Monday, October 25, 2021

India Fossil Outcrops, Horse Domestication, Mars Landscapes

 From the past few days:

1) India is rapidly losing fossil rich outcrops to urbanization, expanding agriculture, mining, and unregulated fossil collection.

On International Fossil Day, October 23, 2021, the Paleontological Society of India, Pune Mumbai Student Chapter, organized a very informative online symposium on this topic. I have linked to part of the talks held that day. Paleontologist Dr. Rajani Panchang was the moderator. Several young researchers describe their field work in Kutch, Tamil Nadu, and Spiti Valley. Over the past several years, changes in land use and unchecked fossil removal has resulted in outcrop degradation and impoverishment.

.Video Permanent Link - India Fossil Outcrops .

Even though the Geological Survey of India and some local agencies have identified locations of geological importance, at present India does not have a law for the preservation of geoheritage sites. D.M. Banerjee writes about the struggle to get the Indian government to take up this issue seriously in his article Fate of Indian Geoheritage and Geopark Bill, published in the July 2021 issue of Current Science.

2) The origin of domestic horses has been a tough case to crack. It was long held using archeological evidence that horses were domesticated by the Botai Culture in Central Asia around 3500 B.C. But ancient DNA studies indicated that these early domesticated lines are not the ancestors of the modern domestic horse. Instead, the origin of the modern domestic horses have been tracked to the Volga-Don region in the Western Eurasian steppes between 2500 and 2000 B.C. The abstract of the paper is worth reading through- 

Domestication of horses fundamentally transformed long-range mobility and warfare. However, modern domesticated breeds do not descend from the earliest domestic horse lineage associated with archaeological evidence of bridling, milking and corralling at Botai, Central Asia around 3500 bc. Other longstanding candidate regions for horse domestication, such as Iberia and Anatolia, have also recently been challenged. Thus, the genetic, geographic and temporal origins of modern domestic horses have remained unknown. Here we pinpoint the Western Eurasian steppes, especially the lower Volga-Don region, as the homeland of modern domestic horses. Furthermore, we map the population changes accompanying domestication from 273 ancient horse genomes. This reveals that modern domestic horses ultimately replaced almost all other local populations as they expanded rapidly across Eurasia from about 2000 bc, synchronously with equestrian material culture, including Sintashta spoke-wheeled chariots. We find that equestrianism involved strong selection for critical locomotor and behavioural adaptations at the GSDMC and ZFPM1 genes. Our results reject the commonly held association between horseback riding and the massive expansion of Yamnaya steppe pastoralists into Europe around 3000 bc driving the spread of Indo-European languages. This contrasts with the scenario in Asia where Indo-Iranian languages, chariots and horses spread together, following the early second millennium bc Sintashta culture.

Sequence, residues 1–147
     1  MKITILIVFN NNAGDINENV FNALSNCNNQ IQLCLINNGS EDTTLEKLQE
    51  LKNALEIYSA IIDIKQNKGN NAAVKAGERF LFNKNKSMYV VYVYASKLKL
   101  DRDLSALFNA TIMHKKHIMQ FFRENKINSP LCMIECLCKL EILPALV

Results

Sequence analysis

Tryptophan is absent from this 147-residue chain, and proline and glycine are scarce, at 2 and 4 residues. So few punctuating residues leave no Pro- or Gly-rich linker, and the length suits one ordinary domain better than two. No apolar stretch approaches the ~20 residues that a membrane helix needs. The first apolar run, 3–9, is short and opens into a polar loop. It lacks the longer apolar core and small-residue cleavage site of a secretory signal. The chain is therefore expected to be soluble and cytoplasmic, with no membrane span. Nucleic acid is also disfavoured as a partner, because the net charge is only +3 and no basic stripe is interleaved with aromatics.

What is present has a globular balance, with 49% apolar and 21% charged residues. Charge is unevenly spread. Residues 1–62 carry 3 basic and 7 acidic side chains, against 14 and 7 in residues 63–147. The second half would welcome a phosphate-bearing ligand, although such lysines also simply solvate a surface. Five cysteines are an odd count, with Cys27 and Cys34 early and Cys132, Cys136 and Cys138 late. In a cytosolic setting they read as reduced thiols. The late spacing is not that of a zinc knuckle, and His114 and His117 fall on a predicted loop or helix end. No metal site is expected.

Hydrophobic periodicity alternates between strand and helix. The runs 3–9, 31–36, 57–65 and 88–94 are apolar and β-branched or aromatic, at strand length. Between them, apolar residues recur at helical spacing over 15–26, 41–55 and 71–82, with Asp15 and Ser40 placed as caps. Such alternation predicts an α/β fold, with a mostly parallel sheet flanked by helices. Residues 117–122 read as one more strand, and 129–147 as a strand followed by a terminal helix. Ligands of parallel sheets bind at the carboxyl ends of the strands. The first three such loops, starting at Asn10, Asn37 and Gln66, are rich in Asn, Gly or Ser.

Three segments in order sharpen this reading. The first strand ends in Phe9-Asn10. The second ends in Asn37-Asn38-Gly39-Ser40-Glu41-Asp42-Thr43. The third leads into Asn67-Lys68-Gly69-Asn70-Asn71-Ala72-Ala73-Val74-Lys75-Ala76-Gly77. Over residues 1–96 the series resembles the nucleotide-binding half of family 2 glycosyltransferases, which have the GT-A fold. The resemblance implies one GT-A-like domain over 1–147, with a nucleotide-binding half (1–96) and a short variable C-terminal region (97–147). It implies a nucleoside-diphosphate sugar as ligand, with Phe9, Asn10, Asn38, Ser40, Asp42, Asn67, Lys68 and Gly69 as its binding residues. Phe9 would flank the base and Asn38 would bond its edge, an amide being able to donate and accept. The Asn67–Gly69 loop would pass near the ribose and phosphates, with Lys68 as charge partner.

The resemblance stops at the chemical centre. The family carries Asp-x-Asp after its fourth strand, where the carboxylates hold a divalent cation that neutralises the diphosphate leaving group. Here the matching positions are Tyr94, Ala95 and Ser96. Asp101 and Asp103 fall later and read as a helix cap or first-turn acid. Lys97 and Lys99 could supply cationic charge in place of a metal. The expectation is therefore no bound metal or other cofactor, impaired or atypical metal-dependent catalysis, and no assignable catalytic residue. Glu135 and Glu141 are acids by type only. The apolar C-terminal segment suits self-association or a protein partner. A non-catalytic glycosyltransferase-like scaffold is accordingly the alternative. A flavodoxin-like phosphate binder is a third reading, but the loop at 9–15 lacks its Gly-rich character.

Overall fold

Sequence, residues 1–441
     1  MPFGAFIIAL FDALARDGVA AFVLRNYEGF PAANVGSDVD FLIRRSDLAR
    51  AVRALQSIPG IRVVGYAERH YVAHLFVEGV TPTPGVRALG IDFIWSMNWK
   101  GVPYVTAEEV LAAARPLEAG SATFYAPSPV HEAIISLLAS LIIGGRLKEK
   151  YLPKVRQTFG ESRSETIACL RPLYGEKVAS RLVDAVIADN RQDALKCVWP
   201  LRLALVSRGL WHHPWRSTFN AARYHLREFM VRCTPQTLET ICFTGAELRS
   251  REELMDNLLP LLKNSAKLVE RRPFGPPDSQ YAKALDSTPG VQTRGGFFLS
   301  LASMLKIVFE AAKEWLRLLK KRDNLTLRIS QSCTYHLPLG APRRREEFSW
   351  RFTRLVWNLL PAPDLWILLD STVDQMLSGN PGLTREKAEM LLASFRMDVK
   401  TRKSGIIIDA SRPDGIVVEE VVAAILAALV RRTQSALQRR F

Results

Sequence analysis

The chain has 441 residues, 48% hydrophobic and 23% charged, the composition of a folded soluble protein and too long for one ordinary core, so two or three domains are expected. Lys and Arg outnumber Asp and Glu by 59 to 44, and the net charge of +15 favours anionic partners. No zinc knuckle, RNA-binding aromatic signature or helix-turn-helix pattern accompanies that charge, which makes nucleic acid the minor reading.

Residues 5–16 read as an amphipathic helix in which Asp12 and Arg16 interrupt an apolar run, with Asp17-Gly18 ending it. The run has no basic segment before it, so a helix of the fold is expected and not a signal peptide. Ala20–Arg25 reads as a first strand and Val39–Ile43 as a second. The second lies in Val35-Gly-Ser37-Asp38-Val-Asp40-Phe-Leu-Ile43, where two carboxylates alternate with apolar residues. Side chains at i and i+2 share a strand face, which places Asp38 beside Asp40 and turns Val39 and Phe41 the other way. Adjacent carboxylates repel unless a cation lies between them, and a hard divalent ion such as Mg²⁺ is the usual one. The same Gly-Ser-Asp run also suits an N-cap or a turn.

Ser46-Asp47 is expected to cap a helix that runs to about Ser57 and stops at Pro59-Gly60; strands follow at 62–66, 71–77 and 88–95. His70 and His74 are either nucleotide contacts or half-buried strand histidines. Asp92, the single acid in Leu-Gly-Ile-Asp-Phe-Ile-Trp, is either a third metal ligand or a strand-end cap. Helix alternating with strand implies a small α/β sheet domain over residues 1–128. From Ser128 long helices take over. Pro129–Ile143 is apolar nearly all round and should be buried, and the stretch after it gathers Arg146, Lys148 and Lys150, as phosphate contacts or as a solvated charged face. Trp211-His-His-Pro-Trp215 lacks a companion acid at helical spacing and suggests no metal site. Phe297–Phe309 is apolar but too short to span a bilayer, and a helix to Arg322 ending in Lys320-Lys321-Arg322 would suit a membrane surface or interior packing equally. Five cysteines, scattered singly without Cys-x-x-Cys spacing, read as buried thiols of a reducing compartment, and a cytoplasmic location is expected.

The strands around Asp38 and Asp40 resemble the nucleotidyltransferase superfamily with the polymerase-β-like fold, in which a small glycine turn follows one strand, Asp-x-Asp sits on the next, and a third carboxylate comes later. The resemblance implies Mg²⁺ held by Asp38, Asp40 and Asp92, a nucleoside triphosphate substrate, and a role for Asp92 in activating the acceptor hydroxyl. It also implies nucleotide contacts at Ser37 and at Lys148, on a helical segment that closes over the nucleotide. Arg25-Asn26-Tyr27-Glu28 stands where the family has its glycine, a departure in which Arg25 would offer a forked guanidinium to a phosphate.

The paper is open access. And there is an easier to understand article in Nature as well. 

3) The remarkable range of technologies brought to bear on understanding the geology of Mars is giving some spectacular payoffs. Two studies caught my eye:

a) Mars' surface shaped by fast and furious floods from overflowing craters: Lake breach floods produced fast flowing streams that cut deep drainage valleys, reshaping the Mars landscape. Catastrophism has played a large role in the history of Martian surface evolution.

b) The Perseverance Rover rocks on!! The stunning images it has taken of rock outcrops on Mars is enabling geologists to reconstruct details of ancient sedimentary environments. N. Mangold and colleagues describe a delta lake system and flood deposits at Jezero Crater. 

Take a look at the details available to geologists for interpreting sedimentary processes and the rock history.

On Mars, large crater lakes were sites of sediment deposition. Rivers meeting such craters dumped their sediment on the crater floor in lobes that expanded lakewards forming a delta. The architecture of the sedimentary layers within this delta environment has been vividly captured and described in this study. In the image, the bottomset strata are fine grained sediment deposited in waters ahead of the delta. The foreset strata represent deposition on the inclined growing delta front. And the foreset strata are deposits of rivers associated with the delta. The paper is quite detailed and a treat for sedimentologists. But the images can be enjoyed by all. Open Access too!  

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